The first thing we can do is use those fancy new f-strings. Most Python programmers are probably aware that there are several methods in Python to insert data into a string. The classic way would be using the ‘%’ operator, which has been deprecated due to several issues (see PEP 3101). A newer method would be using either `string.format` class method, or the `str.format` instance method on a specific string.

In Python 3.6 a new notation is introduced, which combines the variables with the format string, in a way which looks similar to a templating language:

world = "world"
'Hello, {}'.format(world)
# becomes
f'Hello, {world}'

If you’re using PyCharm, it can help you convert these statements: just put your caret in the formatted string, and use Alt+Enter to select the “convert to f-string literal’ intention.

F-string conversion intention

Afterwards these statements will look like this:

print(f'Downloaded {destination}, sha256: {file_hash.hexdigest()}')

Another new feature in Python 3.6 are underscores in numbers, which allows us to add an underscore to the `chunk_size` constant. This makes it slightly easier to read:

chunk_size = 1_024  # Set to 1 KB chunks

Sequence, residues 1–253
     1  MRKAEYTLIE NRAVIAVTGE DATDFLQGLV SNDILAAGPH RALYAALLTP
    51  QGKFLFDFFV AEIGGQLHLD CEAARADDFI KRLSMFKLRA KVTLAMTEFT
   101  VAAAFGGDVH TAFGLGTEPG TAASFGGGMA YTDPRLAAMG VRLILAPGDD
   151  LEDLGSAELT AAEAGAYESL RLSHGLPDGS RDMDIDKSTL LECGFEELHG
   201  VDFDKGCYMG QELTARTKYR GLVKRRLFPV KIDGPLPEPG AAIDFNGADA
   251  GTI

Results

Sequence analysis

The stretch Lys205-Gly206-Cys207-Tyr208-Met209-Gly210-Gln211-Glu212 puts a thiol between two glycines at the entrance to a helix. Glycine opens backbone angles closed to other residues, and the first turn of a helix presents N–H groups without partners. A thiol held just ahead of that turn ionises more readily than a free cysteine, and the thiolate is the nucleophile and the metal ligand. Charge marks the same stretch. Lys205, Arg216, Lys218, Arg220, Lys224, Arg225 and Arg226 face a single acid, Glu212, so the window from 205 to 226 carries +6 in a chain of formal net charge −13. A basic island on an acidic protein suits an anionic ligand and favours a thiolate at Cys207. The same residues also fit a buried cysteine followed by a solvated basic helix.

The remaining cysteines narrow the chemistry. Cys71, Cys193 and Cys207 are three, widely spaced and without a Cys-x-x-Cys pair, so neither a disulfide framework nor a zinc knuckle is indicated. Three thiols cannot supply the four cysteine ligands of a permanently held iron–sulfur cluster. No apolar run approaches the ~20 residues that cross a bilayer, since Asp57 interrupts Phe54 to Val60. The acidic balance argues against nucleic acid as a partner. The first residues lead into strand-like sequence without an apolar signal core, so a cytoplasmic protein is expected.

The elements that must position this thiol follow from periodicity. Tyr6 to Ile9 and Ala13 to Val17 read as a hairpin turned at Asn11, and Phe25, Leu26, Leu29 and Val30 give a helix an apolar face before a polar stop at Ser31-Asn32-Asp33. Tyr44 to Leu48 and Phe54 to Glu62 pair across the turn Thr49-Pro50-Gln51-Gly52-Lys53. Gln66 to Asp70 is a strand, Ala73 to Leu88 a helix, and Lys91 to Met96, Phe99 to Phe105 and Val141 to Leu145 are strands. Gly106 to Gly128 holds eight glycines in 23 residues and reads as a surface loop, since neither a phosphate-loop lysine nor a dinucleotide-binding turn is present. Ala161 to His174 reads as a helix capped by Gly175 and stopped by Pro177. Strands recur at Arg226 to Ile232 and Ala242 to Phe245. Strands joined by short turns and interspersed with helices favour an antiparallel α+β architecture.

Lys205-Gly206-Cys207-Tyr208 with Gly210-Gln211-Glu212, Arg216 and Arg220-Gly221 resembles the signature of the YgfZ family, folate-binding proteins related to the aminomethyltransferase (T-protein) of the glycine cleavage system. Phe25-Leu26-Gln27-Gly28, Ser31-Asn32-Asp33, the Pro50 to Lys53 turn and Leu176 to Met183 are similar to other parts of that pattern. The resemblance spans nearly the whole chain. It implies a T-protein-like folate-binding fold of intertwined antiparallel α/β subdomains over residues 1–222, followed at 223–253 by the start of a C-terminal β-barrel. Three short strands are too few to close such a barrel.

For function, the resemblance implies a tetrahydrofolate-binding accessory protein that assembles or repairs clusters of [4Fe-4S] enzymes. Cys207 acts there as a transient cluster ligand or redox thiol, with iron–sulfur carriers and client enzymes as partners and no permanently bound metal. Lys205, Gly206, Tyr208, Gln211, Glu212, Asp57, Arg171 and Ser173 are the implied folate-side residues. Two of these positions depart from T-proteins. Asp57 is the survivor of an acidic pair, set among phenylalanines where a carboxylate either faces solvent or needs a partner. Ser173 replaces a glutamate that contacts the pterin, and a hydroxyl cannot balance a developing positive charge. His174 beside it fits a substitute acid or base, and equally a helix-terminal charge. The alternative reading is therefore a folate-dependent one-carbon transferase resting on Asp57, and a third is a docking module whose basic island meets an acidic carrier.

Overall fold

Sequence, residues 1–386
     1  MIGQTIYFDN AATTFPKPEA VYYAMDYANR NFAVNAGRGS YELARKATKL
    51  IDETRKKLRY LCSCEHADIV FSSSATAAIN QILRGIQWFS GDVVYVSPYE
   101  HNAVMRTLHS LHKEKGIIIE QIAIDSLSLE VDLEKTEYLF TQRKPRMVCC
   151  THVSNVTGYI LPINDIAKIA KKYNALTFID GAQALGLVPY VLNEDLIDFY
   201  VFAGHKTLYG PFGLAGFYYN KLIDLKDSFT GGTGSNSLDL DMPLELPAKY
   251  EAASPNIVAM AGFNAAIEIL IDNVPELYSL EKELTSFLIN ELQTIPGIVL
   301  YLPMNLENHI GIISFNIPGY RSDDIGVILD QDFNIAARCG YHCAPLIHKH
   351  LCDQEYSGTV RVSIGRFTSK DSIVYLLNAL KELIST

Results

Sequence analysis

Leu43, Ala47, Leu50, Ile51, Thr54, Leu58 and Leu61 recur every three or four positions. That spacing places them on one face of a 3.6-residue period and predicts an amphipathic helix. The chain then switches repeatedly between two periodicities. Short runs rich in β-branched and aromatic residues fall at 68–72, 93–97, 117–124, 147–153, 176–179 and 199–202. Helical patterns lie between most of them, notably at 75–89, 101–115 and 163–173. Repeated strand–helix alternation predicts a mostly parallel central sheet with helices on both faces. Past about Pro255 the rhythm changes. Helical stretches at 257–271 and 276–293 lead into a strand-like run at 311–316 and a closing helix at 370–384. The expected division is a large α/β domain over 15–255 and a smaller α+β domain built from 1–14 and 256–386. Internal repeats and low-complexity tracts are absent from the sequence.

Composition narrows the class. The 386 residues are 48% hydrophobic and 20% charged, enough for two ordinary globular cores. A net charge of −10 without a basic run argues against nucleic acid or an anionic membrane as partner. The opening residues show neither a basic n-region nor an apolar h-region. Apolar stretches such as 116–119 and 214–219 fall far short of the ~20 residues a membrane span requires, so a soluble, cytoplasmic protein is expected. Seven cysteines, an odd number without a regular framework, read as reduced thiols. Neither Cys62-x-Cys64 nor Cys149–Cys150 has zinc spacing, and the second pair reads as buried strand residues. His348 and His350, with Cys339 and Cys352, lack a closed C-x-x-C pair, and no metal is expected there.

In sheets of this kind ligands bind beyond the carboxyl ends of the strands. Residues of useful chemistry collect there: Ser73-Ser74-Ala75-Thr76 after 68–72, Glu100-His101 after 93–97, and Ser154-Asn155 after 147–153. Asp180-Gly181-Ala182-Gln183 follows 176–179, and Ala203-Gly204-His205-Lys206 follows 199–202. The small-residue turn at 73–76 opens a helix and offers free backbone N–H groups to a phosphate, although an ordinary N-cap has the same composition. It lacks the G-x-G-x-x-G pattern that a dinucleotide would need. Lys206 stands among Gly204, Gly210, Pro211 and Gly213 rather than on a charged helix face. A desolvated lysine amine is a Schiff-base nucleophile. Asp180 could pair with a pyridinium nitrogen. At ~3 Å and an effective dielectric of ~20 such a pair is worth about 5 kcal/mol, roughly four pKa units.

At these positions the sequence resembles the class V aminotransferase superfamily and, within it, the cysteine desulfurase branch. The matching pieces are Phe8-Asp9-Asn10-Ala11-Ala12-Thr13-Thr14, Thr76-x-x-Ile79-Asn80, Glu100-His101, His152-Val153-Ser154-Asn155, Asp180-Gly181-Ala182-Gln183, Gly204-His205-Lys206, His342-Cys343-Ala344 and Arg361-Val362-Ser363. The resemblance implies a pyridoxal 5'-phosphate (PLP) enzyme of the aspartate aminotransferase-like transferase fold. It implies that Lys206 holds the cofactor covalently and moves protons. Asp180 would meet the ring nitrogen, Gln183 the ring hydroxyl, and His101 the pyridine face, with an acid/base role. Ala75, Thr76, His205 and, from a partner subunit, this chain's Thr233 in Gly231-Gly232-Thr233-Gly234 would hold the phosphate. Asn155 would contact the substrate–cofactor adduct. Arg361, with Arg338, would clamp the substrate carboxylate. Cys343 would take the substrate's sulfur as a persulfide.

Currently, the download_url function isn’t looking very pretty, a fair amount of boilerplate is mixed in with the business logic. We can’t make it all go away without some serious development, but we can separate some of the flow control away from the business logic using Python 3.6 features. In Python 3.5 and earlier, using a `yield` statement in an async function was a SyntaxError. In the new Python version asynchronous generators are supported, so we can restructure the `while True` into a closure which exposes a generator.

async def get_bytes():
    while True:
        chunk = await
        if not chunk:
        yield chunk

# handle the download async
for chunk in get_bytes():

There’s one more change that we can make to make our lives easier: we can add an annotation to the file_hash variable. If you were to type `file_hash.` you currently wouldn’t see any code completion due to the way that hashlib instances the object. We can help PyCharm (and any other static code analysis tool) out by adding a type annotation:

file_hash: _sha256.SHA256Type = hashlib.sha256()

After adding the annotation (and the _sha256 import statement at the top of the document), PyCharm’s code completion works as intended:

Code completion working after adding type annotation

In this specific case it isn’t recommended to add this annotation, as the _sha256 module is annotated as a private. However, the way to add annotations is the same for all classes.

A quick note about type annotations: they don’t change anything about how the program works. If you store a number in a variable you annotate as a string, the python interpreter will just ignore your annotation. The annotations are purely for external tools that can analyze your code.

There are more features in Python 3.6, if you’d like to learn about them go to

PyCharm 2016.3 fully supports Python 3.6, so get the repo and play around. If you don’t have PyCharm 2016.3 yet, have a look and see what’s new.

-PyCharm Team
The Drive to Develop